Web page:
Tuesday, February 12, 2013

Big Lost Rainbow - Big Lost Rainbow (1973 us, delightful jazzy progressive folk rock, Gear Fab edition)

It is not hard to figure out why record labels wouldn't touch Big Lost Rainbow and why it stood no chance of gaining a widespread audience at the time of its 1973 release date. The album runs completely counter to the pompous hard rock that was plastered all over the airwaves at the time, and is far too subtle and mature for mass consumption. Although their initial gig was played before a crowd of 10,000, Big Lost Rainbow were not cut out for the arena. 

Their music requires a much more intimate setting and response, and their sole album is a surprising musical delight constructed out of elements of folk, jazz, and classical music, all of which expose gorgeous, supple melodies, mostly composed by lead vocalist and guitarist Ridley Pearson. The album brings to mind the best aspects of soft, early-'70s folk-pop, but unlike much of that genre, there is a genuine sorrow (as opposed to anger) threaded throughout the music; a sorrow, perhaps, brought about by the changing times but not the least bit cynical. It is, instead, a sort of celebratory sentimentality. 

The songs are all exceedingly strong. Big Lost Rainbow infuse the music with an uncanny emotional resonance whether they are expressing joyous or melancholy sentiments. The opening cut, "Sail" (written by Otis Read), is powered by harmonies nearly equal to those of Crosby, Stills & Nash, while "Oh! Idaho" is a lilting, upbeat tune that soars with scatty harmonies à la Seals & Crofts. Even the upbeat songs, though, are not exactly bouncy. 

The album is entirely drum-less, so acoustic guitar, piano, bass, and cello are all up front with Pearson's vocals, which sound like a gentler, more somnolent Jonathan Edwards or James Taylor. When the mood is slowed down, the songs are incredibly touching. "Slow Rider" has a hint of the Bee Gees in their most heartbreakingly fragile and evocative melodic moments. And the gorgeous "Allegiance of Apathy," the one song included from the group's 1992 reunion, offers not only evidence that the members still have the magic but also a perfect, poignant closing for the album. 

Overall there is a tender, communal hippie vibe to the album, very sunny and optimistic without descending into silliness and entirely avoiding jadedness. There is a sense of lost innocence and the process of growing wiser, as if the band is singing a lullaby to the wistfulness of youth. From beginning to end, Big Lost Rainbow is romantic and lovely. 
by Stanton Swihart
1. Sail (Otis Read) - 3:09
2. I Go Alone - 4:20
3. Lady Love - 4:11
4. Brothers - 2:58
5. Ocean - 5:02
6. Idaho - 2:18
7. It's Over Now - 3:44
8. Morning Sunshine (Bradbury, Pearson) - 2:44
9. Lady Of Music (Pearson, Berenson) - 13:08
10.Always On The Eve - 4:24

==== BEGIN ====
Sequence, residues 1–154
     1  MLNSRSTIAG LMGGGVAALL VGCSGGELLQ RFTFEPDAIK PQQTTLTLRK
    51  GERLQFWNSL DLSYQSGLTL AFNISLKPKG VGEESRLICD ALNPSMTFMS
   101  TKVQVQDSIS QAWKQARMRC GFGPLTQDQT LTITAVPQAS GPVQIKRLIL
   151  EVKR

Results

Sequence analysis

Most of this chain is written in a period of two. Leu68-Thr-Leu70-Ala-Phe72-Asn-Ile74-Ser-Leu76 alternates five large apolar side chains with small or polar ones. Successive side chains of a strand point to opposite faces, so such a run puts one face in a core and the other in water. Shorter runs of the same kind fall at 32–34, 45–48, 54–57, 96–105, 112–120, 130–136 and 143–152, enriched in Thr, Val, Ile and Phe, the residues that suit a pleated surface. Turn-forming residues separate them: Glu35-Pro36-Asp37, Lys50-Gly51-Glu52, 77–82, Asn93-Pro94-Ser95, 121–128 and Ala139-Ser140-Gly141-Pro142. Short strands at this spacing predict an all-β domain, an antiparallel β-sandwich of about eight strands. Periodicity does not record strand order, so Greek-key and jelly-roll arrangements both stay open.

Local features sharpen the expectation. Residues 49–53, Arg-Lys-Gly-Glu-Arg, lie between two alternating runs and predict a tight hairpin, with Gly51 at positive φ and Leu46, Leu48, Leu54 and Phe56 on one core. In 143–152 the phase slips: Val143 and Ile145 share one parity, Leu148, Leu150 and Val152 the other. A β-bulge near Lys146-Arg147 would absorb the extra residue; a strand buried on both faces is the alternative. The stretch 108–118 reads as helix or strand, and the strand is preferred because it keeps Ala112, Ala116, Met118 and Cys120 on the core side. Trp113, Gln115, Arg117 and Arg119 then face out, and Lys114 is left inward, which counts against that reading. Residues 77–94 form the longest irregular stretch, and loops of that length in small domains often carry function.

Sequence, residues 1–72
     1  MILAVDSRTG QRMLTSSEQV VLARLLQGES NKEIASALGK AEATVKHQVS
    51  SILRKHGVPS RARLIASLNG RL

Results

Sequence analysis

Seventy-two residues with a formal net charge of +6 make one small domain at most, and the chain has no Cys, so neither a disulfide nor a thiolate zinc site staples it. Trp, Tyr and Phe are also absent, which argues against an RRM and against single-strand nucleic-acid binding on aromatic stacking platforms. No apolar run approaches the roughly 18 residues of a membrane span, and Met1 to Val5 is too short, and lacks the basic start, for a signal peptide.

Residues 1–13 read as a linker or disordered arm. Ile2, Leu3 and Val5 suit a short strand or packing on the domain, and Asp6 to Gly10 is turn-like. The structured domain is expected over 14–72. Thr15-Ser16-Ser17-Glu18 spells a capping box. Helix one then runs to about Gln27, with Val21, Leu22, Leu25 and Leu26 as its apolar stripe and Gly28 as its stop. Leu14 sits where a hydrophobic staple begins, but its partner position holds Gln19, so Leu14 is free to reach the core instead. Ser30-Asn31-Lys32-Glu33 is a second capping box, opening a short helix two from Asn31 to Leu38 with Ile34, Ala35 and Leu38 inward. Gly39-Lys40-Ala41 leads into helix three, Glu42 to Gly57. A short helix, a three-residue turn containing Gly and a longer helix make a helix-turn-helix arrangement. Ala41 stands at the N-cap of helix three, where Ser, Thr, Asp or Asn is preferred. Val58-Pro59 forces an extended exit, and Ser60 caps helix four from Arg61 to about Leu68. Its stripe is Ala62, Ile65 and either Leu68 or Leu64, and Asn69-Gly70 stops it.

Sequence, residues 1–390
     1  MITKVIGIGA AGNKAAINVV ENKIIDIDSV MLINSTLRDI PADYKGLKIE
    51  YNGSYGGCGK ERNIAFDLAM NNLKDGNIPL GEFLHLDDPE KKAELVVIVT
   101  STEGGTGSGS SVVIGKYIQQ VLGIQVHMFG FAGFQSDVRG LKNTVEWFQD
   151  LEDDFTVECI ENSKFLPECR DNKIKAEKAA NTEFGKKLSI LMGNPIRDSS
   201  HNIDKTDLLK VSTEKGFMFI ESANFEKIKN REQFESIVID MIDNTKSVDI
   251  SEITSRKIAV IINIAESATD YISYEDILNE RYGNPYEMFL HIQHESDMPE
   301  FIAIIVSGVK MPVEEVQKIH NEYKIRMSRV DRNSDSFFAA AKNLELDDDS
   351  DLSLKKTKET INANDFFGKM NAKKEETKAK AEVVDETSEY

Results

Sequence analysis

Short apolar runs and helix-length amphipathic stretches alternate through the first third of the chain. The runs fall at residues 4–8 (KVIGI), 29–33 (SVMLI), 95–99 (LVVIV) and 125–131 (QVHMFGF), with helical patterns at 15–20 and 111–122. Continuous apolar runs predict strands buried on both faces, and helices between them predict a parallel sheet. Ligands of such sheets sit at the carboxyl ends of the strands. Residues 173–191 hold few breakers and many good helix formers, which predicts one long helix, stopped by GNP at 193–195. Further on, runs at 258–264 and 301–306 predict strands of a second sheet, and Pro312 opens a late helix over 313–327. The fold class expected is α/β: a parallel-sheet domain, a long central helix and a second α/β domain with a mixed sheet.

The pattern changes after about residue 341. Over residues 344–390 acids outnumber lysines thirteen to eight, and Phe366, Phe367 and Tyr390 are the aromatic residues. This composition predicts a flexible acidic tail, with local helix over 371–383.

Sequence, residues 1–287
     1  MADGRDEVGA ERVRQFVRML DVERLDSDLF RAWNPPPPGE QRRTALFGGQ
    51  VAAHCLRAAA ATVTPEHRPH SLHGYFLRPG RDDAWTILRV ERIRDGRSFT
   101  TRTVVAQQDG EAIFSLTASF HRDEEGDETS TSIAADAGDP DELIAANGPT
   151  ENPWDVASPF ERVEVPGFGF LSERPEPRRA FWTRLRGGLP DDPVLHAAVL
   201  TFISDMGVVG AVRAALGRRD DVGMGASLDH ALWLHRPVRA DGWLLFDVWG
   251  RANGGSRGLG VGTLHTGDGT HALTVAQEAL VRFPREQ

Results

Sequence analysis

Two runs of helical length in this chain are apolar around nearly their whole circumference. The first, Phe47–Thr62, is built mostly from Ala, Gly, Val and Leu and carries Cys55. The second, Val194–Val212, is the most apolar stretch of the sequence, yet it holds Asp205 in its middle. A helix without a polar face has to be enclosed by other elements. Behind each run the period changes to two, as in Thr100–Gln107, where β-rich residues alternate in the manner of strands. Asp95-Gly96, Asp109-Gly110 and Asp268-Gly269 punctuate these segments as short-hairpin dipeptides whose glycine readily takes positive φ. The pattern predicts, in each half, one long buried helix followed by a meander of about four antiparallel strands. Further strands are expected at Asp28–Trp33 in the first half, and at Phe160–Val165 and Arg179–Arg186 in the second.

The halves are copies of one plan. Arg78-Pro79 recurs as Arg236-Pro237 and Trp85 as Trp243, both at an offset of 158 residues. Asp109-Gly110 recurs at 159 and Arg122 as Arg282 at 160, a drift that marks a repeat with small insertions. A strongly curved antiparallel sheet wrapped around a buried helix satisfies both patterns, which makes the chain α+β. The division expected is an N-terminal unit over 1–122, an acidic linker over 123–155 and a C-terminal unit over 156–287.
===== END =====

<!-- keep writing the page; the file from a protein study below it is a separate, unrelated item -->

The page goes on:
11.Patricia Jane Moon - 3:51
12.Slow Rider - 3:31
Words and Music by Ridley Pearson except where indicated

Big Lost Rainbow
*Ridley Pearson - Guitar, Piano, Vocals, Saxophone
*Otis Read - Guitar, Piano, Vocals
*Robin Pfoutz - Cello
*Adam Berenson - Piano
*Tony Morse - Flute
*Jacques Bailhe - Bass, Vocals, Guitar
*Steve Patt - Pedal Steel Guitar
*Charlie Read - Backing Vocals

Free Text

1 comment:

  1. One of those curious projects, "Big Lost Rainbow" has been widely hailed in collecting circles. Reportedly only 200-300 copies were originally pressed; rarity probably explaining much of the set's appeal.

    Ridley Pearson, Otis Head, Robin Pfoutz, Adam Berenson, Tony Morse and J.P. Bailhe first crossed paths in 1970 while attending the private Pomfret School in Pomfret, Connecticut. A common interest in music led to occasional jam sessions and some local club performances. 1971 found them recording a couple of demos, but unable to find corporate backing, by 1972 they'd split, the members going off to college. The breakup was brief; within a matter of months they'd collective curtailed their academic plans in favor of another go at music.

    Relocating to Cape Cod, Massachusetts they began rehearsing, eventually deciding to cut some more demos. Recorded in August and September 1973 at studios in Timonium, Maryland and New Haven Connecticut, the set served to spotlight the talents of Rid Pearson. In addition to writing the majority of material (seven out of nine tracks), Pearson was credited with lead vocals and much of the instrumentation. Pearson was also gifted with a nice voice, well suited to acoustic folk-rock numbers such as "Lady Love", "Brothers", "Ocean" and "It's Over Now". As for the music, it's certainly mellow - imagine something along the lines of Brewer and Shipley (less the goofy humor and with the addition of lots of flute) and you'll get a feel for this stuff. Elsewhere, the jazzy "Morning Sunshine" is one of the few selections sporting an electric guitar. In terms of production, the set's surprisingly good - far better than what could be expected from a private press...on 6364 with no label so if you have one of the originals it is highly sought after by collectors and in good condition will fetch a few hundred bucks! A few years ago we were approached by the Florida-based independent label, Gear Fab Records about releasing a CD reissue, and there are two more recent bonus cuts on the new CD as a result. Then, an Italian independent label specializing in vinyl Akarma releases put it out as a reissue LP. It is definitely a glimpse back in time. There is a great psychedelic jam on ''Lady of Music''.

    Thx Marios.